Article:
Video: Tracking data and shark behaviour

January 13, 2017 by Ruth Milne, The Royal Society

Animals often share space as they move through their environment. Capturing these aggregations and co-occurrence events has proven extremely difficult in elusive, wide-ranging animals.

A recent paper published in Journal of the Royal Society Interface presents a novel approach to inferring social networks from acoustic tracking data of sharks.

The authors demonstrate the first evidence of long-term, spatially-extensive social processes in wild sharks, showing that some individuals act as leaders. Interestingly, these leaders are female sharks, revealing a new insight into the of these animals. We spoke to lead author Dr David Jacoby about the research.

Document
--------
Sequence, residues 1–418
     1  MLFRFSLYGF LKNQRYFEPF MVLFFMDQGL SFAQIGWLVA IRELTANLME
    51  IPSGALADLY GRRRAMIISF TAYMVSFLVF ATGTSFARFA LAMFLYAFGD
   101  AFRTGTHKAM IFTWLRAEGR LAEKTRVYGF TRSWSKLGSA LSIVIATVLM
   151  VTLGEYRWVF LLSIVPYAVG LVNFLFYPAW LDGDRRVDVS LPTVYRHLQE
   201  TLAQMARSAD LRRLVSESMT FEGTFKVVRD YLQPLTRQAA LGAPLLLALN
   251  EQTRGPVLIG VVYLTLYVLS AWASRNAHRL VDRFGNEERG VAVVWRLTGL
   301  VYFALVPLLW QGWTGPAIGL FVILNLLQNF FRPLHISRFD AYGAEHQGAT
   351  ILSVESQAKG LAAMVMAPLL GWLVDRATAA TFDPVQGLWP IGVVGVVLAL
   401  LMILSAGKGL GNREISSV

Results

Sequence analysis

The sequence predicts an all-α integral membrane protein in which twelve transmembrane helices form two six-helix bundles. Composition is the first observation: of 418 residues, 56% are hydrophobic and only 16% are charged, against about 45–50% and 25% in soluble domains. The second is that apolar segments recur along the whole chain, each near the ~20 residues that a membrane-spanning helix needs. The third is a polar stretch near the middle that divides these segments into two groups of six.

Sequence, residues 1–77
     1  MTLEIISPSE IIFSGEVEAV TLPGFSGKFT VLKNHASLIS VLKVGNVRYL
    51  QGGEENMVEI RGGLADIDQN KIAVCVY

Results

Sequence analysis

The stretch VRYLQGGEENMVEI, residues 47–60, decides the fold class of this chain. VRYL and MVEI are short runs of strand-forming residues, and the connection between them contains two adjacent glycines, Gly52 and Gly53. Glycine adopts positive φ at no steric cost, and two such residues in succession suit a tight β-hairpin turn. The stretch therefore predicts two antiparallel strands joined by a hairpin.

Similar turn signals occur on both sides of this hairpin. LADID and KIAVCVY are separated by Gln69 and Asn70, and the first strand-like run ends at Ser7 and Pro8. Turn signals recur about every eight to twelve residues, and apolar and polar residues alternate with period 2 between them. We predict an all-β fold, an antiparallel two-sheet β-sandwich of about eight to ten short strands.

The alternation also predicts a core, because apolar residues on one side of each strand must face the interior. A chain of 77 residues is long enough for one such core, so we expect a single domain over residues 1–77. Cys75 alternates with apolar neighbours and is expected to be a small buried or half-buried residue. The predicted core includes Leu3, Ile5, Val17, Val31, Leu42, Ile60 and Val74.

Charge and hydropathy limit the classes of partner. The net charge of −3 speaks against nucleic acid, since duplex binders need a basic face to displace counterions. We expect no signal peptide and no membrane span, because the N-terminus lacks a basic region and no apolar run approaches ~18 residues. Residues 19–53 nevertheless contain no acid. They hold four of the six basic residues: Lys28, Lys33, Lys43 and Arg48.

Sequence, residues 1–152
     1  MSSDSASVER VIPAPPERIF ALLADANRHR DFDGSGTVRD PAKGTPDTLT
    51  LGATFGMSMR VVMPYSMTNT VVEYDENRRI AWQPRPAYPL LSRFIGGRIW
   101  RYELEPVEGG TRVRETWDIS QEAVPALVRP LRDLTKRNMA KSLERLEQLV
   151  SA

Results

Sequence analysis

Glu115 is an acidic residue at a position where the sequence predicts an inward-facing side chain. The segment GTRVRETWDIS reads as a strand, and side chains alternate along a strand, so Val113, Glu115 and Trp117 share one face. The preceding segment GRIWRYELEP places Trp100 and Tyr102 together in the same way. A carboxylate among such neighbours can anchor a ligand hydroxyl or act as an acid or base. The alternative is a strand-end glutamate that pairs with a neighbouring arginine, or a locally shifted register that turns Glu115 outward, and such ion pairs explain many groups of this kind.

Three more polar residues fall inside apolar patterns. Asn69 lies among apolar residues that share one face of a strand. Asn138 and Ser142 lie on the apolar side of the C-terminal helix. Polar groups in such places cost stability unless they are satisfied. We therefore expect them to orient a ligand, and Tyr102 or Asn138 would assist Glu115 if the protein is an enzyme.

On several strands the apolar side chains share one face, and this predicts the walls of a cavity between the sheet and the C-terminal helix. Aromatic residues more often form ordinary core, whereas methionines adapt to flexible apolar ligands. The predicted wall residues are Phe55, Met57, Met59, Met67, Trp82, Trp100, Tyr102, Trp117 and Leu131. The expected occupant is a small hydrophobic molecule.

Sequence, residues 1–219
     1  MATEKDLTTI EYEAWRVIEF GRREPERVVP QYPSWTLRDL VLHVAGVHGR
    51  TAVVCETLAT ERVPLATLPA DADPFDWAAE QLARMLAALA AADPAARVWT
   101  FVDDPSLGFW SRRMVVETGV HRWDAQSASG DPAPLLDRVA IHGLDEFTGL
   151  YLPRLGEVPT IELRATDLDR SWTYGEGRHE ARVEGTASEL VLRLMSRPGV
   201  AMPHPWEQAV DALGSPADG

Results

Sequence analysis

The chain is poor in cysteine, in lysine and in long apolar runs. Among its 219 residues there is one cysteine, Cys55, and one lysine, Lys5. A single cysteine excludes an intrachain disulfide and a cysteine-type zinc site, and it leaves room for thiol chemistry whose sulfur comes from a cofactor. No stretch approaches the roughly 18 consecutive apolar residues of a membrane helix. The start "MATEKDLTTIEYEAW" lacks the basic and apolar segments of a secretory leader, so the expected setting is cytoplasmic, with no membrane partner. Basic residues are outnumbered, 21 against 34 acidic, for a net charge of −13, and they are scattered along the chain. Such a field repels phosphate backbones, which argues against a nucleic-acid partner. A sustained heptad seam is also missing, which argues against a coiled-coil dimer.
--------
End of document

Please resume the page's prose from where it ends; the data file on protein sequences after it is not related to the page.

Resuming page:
Credit: The Royal Society

Explore further: Not just lone sharks: Social networks under the sea

More information: David M. P. Jacoby et al. Inferring animal social networks and leadership: applications for passive monitoring arrays, Journal of The Royal Society Interface (2016). DOI: 10.1098/rsif.2016.0676

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